Detection and quantitation limits Sensitivity of the developed method was evaluated by calculating the detection and quantitation limits. These limits were calculated using the formula; LOD=3.3σ/S and LOQ=10σ/S for limits of detection and quantitation, respectively, where σ is the standard deviation of intercept and S is the slope of calibration curve. The obtained LOD and LOQ values were 0.022 and 0.068 μg mL-1, respectively (Table 2). These values indicates that the high sensitivity of the developed method as it can quantify a concentration of the studied drug down to the nano-gram level. 3.5.3.
• Omit the process approaches like nanonisation, micronization techniques. 2.5.4 Disadvantages  • Formulation of high dose lipophilic drugs the liquisolid tablet is one of the limitations of this technique. • In order to achieve acceptable flowability and compactability for liquisolid powder formulation, high levels of carrier material and coating materials should be added. This will increase the weight of tablets to above one gram which makes them difficult to swallow. Consequently, it is impossible with conventional tablet methods to convert high dose to liquisolid tablets with a tablet weight of less than 50mg.
The solution homogeneity expelled, by centrifugation for 10 min. The sample was centrifuged and separated into two layers, and took the top of the sample is injected for HPLC (11,12). Measured concentration in total lipid: The total fats balanced concentration of the pesticide getting by dividing the measured pesticide residue concentration in the overalll tissue sample by the decimal fraction of the sample that consisted of ether-extractable lipid. The total lipid content of each specimen was estimated from its total cholesterol & triglycerides levels by using a summation method. Analytical results for organochlorine pesticides were reported on a lipid-adjusted basis (nanograms per gram or parts per billion) (14).
3.1 Particles size analysis The microgels particles characterized by DLS were reported previously . The hydrodynamic diameter was determined by Stokes-Einstein relations. Fig. 1 illustrates the temperature dependent particle size and size distribution of copolymer microgels with different AMPS content in water at 25oC and 50oC. The data shows that the hydrodynamic diameters of microgels increases from 343.4 nm to 538 nm at 25oC and 132.5 nm to 414.8 nm at 50oC with increasing AMPS concentration in the feed recipe but its diameters reduces with increasing temperature.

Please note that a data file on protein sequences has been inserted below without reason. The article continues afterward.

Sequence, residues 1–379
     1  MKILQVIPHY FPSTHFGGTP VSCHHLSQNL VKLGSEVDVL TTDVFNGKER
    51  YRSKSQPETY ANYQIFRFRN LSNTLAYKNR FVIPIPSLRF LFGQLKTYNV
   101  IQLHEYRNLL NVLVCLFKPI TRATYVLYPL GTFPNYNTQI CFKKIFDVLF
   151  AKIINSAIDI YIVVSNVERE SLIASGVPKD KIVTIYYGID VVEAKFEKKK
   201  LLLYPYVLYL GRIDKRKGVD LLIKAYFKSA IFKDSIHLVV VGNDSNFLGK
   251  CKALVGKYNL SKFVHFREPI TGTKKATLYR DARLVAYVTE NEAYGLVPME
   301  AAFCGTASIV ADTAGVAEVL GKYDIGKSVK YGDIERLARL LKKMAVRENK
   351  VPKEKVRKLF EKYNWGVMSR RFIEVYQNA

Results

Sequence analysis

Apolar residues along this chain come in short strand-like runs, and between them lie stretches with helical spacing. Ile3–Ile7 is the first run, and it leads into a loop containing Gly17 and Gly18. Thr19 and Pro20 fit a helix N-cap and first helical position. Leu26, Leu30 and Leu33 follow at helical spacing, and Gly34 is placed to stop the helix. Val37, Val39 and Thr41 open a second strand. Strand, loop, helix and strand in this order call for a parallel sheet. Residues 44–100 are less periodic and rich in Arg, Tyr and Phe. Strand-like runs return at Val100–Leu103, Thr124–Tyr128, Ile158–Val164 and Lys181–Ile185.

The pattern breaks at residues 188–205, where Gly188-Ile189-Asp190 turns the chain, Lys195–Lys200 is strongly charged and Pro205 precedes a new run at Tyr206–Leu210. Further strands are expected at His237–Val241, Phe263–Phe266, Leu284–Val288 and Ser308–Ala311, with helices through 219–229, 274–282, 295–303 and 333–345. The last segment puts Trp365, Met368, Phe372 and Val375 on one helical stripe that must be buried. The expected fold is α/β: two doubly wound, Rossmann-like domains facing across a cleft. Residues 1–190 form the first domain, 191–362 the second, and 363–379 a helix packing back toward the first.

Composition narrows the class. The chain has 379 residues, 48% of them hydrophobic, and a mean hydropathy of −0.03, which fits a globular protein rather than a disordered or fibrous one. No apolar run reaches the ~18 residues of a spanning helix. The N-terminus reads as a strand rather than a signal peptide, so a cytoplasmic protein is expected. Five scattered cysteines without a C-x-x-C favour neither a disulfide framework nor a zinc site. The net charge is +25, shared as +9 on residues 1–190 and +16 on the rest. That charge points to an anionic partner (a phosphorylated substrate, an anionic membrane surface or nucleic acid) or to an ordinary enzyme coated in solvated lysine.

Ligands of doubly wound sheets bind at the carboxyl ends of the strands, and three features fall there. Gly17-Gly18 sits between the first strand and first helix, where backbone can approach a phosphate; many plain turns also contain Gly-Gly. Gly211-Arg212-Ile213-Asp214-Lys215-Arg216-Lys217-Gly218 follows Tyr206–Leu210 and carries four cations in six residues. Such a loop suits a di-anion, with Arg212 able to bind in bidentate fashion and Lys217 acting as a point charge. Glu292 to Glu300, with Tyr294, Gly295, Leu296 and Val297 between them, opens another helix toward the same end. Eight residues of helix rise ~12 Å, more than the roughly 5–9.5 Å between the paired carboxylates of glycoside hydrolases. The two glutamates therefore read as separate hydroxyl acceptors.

Briefly, the cartridges were preconditioned by flushing with 2 mL of methanol and 1 mL of HPLC water. Separately, 50 µL of plasma sample plus 100 µL of an 85% phosphoric acid:water mixture (1:10) and 10 µL of internal standard solution (diclofenac at 100 µg/mL) were vortex mixeding. Then, samples were loaded into the cartridge and allowed to stand for 5 min, washed with 0.6 mL of a water:methanol mixture (95:5. v/v) and then dried under vacuum. The (S)-ketoprofen was eluted with 1 mL of an acetonitrile:methanol mixture (50:50, v/v) at a flow rate of 1 mL/min. The eluate was evaporated to dryness in a water bath at 37.0 ± 0.5 ᵒC under a gentle stream of nitrogen.
At different time in the range of 5min to 300 min, the sample will be collected and its total phenolic content (mg GAE/ g dry weight) was determined. Effect of stirrer speed on extraction of phenolic compounds The solvent with the optimized concentration will be considered to study the effect of mixing on the sample at 300C. The stirring speed was maintained in the range from 200 rpm to 800 rpm. At different time in the range of 5min to 180 min, the sample was collected and its total phenolic content (mg GAE/ g dry weight) was determined. Effect of pH on extraction of phenolic
2. Materials and methods 2.1. Materials Analytical grade Fe(NO3)3.9H2O, Na2SO4, NaHCO3, and H2SO4 were obtained from Merck. Reagents such as pluronic acid P123, hydrochloric acid and tetraethylorthosilicate (TEOS) were collected from the Sigma Aldrich and Rhodamine B was purchased from Loba Chemie chemical company. These reagents and dyes were directly used without further purification.
The optimized ratios of the polymers were calculated by using 22 factorial design. (Table 1). Ethyl cellulose (2gm) was dissolved in 20 ml of methylene chloride2. The polymer phase of ethyl cellulose was then added to 250 ml of 0.25% w/v methylcellulose aqueous solution (over night dispersion). Agitation speed was maintained at 350 rpm which helps in complete removal of methylene chloride.
Effect of the temperature on conversion (8 g/L catalyst loaded membrane, M=1) Conversion was increased by temperature in both of the BR and the CMR. However, conversion of CMR was higher than conversion of BR. In CMR, water, which occurred from the result of the reaction, was removed from the reaction medium. Therefore, reaction equilibrium shifted toward the products. Thermal mobility of the polymer chains increased with increasing temperature.
Nanoparticle images and selected area electron diffraction (SAED) were recorded by using the transmission electron microscopy (TEM) (TECHNAI-20-G2) by drop-casting the well-sonicated solution of a few milligrams of nanoparticles dispersed in 5 ml of ethanol on carbon-coated TEM grids. The hydrodynamic size and surface charge of nanoparticle dispersions were measured using a Zetasizer (Malvern ZS-90) utilizing dynamic light scattering (DLS). DLS is the most intense and frequently used technique for hydrodynamic size distribution measurement and they were performed after thorough sonication of the nanoparticles dispersed in different dispersants. Approximately 2 mg of nanoparticles were dispersed in 10 ml of the dispersant, i.e. water, ethanol, and toluene, for a typical run.